A lumpectomy is a specific type of surgical procedure used to treat breast cancer. Below are some basic answers to frequently asked questions about lumpectomies.
What Is A Lumpectomy?
A lumpectomy is a type of surgery in which a part of the breast is removed and has become one of, if not the most, common form of breast cancer surgery today. This leads lumpectomies to sometimes be called a partial mastectomy. Because they do not remove the whole breast, lumpectomies may also be described as a type of breast conserving surgery. During a lumpectomy, only the tumour (breast lump) and a bit of surrounding tissue is removed. These tissues are then examined under a microscope. If cancer is found to extend beyond the tissues that were removed, then further surgery may be required and/or radiotherapy will be recommended to kill the cells.
Are There Different Types of Lumpectomies?
For the most part there is considered only to be one type of lumpectomy. The main differences between lumpectomies is usually where the incision is made, how much tissue is removed and if lymph nodes are removed or not.
When Are Lumpectomies Recommended?
Lumpectomies are considered conservative breast cancer surgeries, so they are often recommended when breast cancer has not spread beyond a well-defined area. As with most breast cancer treatments, lumpectomies depend upon the location, size and type of tumour that is present in the breast as well as the size of a woman’s breast, her lifestyle and personal preference. Generally women in the early stages of breast cancer are most likely to be able to consider a lumpectomy. However, if women are unable to have radiotherapy following the surgery, such as because they are pregnant, then a lumpectomy may not be recommended.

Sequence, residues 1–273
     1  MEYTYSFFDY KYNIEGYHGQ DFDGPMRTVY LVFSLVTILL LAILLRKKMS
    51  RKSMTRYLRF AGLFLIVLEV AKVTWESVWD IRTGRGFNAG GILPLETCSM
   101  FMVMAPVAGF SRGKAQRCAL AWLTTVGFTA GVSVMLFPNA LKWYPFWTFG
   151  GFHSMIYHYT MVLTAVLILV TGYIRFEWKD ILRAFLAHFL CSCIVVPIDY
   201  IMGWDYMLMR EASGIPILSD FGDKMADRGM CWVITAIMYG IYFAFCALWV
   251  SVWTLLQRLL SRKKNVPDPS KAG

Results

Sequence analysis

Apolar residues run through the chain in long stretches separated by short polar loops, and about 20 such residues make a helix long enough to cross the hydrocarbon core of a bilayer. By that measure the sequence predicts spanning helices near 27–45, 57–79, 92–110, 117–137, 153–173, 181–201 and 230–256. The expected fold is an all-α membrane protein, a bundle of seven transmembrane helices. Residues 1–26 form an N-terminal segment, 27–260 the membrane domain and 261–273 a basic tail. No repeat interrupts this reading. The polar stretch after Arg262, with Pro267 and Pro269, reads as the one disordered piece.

How Are Lumpectomies Carried Out?
Lumpectomies are usually carried out either under general anaesthesia. These surgeries often take between one and three hours, and consist of an incision made above the targeted tissues so that they can be removed with minimal involvement of the other breast skin. A second incision may be made near the armpit if lymph node tissues are also going to be tested or removed.
How Should A Woman Prepare for a Lumpectomy?
Before a lumpectomy a woman’s doctors will give her information on how to best prepare for the surgery. This may include fasting for between 8 and 12 hours before surgery and/or having mammograms, blood or urine tests carried out. Doctors will also likely discuss what will happen during the procedure and how the woman will feel following the procedure. Women may also want to discuss their emotions with other women who have undergone the procedure or with a breast care nurse.
What Should A Woman Expect After a Lumpectomy?
Women may go home as early as just a few hours after a lumpectomy is carried out or they may stay in hospital for a few days. When women are released from hospital they are usually given specific home care instructions designed to alleviate any discomfort and keep the wound from becoming infected. Women should expect to avoid strenuous activity for a little while, though healing time will depend specifically upon how much of the breast and/or lymph nodes were removed.
Where Can I Learn More About Lumpectomies?
Women interested in learning more about lumpectomies should talk to their GP, a breast clinic or their medical team if they have been diagnosed with breast cancer. Women imminently facing a lumpectomy may be able to talk to their breast care nurse and/or surgeon as well.